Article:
“Critical Optimism”

“Critical Optimism”

My small group discussed the Beyond Holidays and Heroes article, Educating for Critical Practice, by Margo Okazaw-rey in which Okazaw-rey describes a mandatory two semester course for social workers on racism, oppression and social work practice with people of color. Issues that stood out to our group were those of:

Macro Perspective, seeing racism at the Macro perspective: institutional, political, sociological and “big picture”. This approach counters the dominate ideological perspectives that these issues are individual or psychological issues, thus dismissing or covering up racism and other forms of oppression as an individual problem.

“Contract with America” – as a part of the course students were asked to reimagine and “build a truly egalitarian, economically and socially just society”. This proved very difficult and demonstrated our tendency to be reactive to, or constantly trying to negotiate a “contract with America”, instead of being proactive and creating new systems outside of the individualistic/capitalistic framework. Some may feel this is “pie in the sky” thinking, but articulating and creating new framework for society can only be done with critical optimism.

“Acknowledgement and awareness of racism is the ideology of White supremacy embedded in every institution in this country…” Margo Okazawy-rey doesn’t hold back and encourages others to call things what they are and talk about them from the micro to macro level so that we see, acknowledge and address attitudes, beliefs and actions which lead to policies of oppression. We talked in our group about not backing away or buttering over uncomfortable topics and having courageous conversations.

Opening and having honest dialogue leads to another topic our group discussed from the reading on building alliances. Bridging the gap between students and the classroom, or the classroom and the community.

Over all I really enjoyed the structure of our classroom review of the Beyond Holidays and Heroes and other texts. It helped us review a ton of reading in a one class period and gave us the opportunity to hear and learn from one another. I really appreciate that these classroom strategies are share with intention, building our tools of the trade. As a quiet person I both enjoyed and was stretched by “The Final Word” strategy. I appreciated the built in scaffolding, and safety, of being able to review the text on my own and then share with a small group with defined amounts of time (3:1) to both share and hear others responses before sharing with the whole group. The balance and built in ability to first listen then respond in “the last word” echoed the format of the Elders panel allowing all voices to be heard and acknowledged.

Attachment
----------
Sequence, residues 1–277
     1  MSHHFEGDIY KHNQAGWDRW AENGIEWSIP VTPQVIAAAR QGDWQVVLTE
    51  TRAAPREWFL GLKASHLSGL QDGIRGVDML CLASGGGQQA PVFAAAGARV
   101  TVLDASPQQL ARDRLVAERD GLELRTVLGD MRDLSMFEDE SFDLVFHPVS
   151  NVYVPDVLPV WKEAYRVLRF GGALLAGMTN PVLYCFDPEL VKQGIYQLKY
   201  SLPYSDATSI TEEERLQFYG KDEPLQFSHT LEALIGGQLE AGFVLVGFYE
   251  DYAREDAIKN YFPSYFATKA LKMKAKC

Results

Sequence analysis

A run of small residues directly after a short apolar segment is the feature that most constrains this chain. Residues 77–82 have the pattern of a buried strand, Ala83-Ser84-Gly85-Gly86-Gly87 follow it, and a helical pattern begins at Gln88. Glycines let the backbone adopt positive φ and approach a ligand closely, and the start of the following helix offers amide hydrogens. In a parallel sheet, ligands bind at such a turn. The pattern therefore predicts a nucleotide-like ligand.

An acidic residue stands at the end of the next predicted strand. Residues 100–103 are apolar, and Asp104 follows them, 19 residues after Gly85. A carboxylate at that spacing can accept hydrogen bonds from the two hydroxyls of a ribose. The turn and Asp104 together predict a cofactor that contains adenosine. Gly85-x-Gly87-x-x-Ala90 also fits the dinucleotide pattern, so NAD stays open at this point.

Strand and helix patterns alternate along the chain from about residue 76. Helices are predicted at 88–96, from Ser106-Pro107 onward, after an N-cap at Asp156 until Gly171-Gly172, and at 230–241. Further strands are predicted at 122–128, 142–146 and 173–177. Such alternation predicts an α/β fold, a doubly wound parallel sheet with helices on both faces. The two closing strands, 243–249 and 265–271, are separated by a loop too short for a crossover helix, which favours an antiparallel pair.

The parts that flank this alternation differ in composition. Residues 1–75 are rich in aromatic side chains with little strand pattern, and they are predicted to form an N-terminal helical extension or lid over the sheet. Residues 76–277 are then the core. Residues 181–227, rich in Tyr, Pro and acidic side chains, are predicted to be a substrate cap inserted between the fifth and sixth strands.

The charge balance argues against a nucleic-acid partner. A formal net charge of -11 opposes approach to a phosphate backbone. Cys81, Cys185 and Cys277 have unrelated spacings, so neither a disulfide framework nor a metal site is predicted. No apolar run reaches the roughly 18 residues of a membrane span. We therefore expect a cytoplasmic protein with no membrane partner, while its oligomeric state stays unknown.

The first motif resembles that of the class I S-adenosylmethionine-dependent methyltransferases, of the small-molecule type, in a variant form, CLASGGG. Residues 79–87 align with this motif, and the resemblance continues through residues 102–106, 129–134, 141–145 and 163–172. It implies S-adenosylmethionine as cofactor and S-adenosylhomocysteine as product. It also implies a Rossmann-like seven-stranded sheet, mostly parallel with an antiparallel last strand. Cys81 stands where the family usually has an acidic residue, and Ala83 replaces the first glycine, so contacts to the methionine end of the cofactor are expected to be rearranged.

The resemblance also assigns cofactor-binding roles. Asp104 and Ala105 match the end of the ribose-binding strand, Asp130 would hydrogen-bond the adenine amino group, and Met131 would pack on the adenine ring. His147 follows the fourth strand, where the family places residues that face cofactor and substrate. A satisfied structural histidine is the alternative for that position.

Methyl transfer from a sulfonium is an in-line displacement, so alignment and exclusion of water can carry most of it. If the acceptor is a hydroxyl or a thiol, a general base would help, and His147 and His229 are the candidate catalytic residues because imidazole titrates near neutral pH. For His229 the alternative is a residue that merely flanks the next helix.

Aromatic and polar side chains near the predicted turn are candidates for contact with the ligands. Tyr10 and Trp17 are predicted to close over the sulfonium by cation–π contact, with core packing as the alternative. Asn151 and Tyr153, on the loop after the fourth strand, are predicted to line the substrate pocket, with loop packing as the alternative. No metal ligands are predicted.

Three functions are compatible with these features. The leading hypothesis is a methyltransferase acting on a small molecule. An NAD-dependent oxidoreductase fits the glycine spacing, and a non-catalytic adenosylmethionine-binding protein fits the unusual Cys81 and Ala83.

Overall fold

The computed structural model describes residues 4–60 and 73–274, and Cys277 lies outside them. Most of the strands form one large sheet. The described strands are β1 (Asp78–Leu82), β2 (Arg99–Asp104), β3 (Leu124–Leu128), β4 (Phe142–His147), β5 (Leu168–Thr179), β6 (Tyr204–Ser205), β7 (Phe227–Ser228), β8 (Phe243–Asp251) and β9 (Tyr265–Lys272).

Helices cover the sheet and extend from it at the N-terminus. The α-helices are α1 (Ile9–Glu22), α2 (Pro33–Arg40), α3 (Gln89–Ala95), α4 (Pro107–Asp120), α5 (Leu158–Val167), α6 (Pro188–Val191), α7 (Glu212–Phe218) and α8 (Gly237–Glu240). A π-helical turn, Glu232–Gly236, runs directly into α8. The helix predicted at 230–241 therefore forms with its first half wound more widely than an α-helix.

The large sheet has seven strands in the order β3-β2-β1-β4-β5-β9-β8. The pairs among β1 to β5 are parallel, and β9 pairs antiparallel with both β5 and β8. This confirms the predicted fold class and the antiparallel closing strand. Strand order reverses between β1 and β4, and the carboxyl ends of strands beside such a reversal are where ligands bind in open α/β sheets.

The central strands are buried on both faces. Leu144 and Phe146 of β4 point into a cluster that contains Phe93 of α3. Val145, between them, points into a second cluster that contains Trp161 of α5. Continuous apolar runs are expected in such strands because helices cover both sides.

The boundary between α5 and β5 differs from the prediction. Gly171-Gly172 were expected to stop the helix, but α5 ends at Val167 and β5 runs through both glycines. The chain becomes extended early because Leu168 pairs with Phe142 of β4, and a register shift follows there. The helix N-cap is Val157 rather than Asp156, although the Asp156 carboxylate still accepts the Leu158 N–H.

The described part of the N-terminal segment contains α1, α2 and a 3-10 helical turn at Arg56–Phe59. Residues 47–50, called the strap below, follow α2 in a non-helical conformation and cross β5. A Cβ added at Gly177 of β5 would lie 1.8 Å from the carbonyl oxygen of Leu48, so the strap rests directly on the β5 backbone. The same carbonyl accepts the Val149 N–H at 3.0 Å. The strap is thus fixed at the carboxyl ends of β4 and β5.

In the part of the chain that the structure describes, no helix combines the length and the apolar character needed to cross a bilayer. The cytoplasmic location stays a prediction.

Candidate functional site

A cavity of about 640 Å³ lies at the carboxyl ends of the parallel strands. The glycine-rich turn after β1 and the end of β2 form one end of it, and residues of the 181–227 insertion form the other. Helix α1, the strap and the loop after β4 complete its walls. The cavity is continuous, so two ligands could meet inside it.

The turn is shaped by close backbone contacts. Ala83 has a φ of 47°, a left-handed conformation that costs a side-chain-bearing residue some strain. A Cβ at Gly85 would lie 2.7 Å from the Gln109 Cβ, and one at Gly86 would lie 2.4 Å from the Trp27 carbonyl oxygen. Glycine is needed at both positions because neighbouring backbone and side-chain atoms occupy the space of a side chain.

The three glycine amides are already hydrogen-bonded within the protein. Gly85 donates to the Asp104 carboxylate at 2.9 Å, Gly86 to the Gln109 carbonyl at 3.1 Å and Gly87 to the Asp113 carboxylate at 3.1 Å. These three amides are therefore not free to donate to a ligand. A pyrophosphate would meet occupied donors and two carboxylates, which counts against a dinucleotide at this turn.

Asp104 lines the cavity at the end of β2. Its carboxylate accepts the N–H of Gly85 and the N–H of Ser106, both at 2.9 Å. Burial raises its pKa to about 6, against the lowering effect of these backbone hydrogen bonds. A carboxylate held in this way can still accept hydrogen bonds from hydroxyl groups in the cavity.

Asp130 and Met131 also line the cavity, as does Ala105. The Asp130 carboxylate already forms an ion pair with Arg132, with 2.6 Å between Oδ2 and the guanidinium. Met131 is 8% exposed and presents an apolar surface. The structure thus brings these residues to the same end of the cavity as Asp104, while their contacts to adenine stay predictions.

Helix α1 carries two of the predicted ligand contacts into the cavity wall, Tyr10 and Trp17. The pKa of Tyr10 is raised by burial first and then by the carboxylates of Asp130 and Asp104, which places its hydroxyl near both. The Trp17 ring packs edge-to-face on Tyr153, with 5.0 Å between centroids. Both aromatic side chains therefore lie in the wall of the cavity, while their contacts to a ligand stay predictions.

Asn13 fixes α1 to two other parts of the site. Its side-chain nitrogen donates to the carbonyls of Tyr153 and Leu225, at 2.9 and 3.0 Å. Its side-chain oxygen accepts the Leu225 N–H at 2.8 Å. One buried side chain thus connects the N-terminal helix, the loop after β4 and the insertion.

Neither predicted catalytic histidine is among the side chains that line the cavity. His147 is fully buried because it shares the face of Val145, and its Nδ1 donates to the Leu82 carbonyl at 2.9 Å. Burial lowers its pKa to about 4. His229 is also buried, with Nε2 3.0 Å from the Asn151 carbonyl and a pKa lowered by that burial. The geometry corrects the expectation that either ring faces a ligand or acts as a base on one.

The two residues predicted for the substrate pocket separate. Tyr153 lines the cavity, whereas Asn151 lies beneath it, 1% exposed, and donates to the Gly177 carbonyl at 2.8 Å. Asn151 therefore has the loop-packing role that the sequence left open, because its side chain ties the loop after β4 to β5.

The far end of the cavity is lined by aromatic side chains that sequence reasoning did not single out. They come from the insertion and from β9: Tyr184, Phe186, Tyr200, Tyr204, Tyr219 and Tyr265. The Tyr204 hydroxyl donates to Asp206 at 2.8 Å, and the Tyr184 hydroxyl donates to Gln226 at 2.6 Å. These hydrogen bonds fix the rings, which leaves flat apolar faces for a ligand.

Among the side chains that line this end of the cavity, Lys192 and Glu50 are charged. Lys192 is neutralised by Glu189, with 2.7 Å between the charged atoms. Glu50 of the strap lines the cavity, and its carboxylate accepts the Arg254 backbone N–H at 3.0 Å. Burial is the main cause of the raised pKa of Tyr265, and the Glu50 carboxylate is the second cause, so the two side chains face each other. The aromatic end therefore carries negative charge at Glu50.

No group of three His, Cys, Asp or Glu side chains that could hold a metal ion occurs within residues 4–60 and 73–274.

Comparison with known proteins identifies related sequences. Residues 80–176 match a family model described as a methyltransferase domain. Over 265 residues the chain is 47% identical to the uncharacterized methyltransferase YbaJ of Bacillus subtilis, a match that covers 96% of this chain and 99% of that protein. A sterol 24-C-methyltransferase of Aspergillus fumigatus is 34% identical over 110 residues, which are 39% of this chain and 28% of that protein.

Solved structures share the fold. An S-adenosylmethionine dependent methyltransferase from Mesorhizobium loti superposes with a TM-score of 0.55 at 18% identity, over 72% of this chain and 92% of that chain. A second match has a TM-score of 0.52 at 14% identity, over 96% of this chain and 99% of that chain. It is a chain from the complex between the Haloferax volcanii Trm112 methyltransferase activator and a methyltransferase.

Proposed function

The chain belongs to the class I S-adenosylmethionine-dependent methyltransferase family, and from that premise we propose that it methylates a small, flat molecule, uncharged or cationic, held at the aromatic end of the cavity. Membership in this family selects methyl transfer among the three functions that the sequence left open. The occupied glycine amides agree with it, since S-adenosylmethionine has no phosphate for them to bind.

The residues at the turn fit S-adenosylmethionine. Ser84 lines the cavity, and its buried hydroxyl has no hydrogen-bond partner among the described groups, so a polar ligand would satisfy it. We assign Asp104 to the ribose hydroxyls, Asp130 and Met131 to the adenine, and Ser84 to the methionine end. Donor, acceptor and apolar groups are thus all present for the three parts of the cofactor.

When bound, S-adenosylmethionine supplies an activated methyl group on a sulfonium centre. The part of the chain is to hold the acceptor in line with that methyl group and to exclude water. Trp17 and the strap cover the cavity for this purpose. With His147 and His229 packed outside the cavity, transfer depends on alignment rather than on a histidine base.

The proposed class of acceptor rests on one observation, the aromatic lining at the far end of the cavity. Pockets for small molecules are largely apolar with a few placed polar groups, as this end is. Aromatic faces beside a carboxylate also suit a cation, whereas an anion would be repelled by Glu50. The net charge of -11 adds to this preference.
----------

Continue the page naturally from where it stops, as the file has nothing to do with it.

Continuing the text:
3 thoughts on ““Critical Optimism””

  1. Hi, Jasmine!

    Thanks so much for sharing your thoughts on your portion and on the activity. I totally agree that this activity was part of a great, scaffolded lesson. It allowed everyone space to share while reviewing the reading in a deep way. I also like that you pointed out how intentional these lessons are and that they are building on our “tools of trade”. I know I want to use this activity, for sure!

  2. I agree with your assessment especially with regards to ‘honest dialogue’ and how important it is–and how difficult it is to establish, sometimes, when a teacher could easily come across as being patronizing.

  3. Honest dialogue can only be as big as the vocabulary of the people participating in it, i.e. language dependent. I also appreciate that we have had this document as a catalyst to start discussions that people may have avoided having due to how uncomfortable it may make them feel. I look forward to continuing these discussions and for children to gain the language necessary to hold discussion of inequity as well.

Leave a Reply

Your email address will not be published. Required fields are marked *

This site uses Akismet to reduce spam. Learn how your comment data is processed.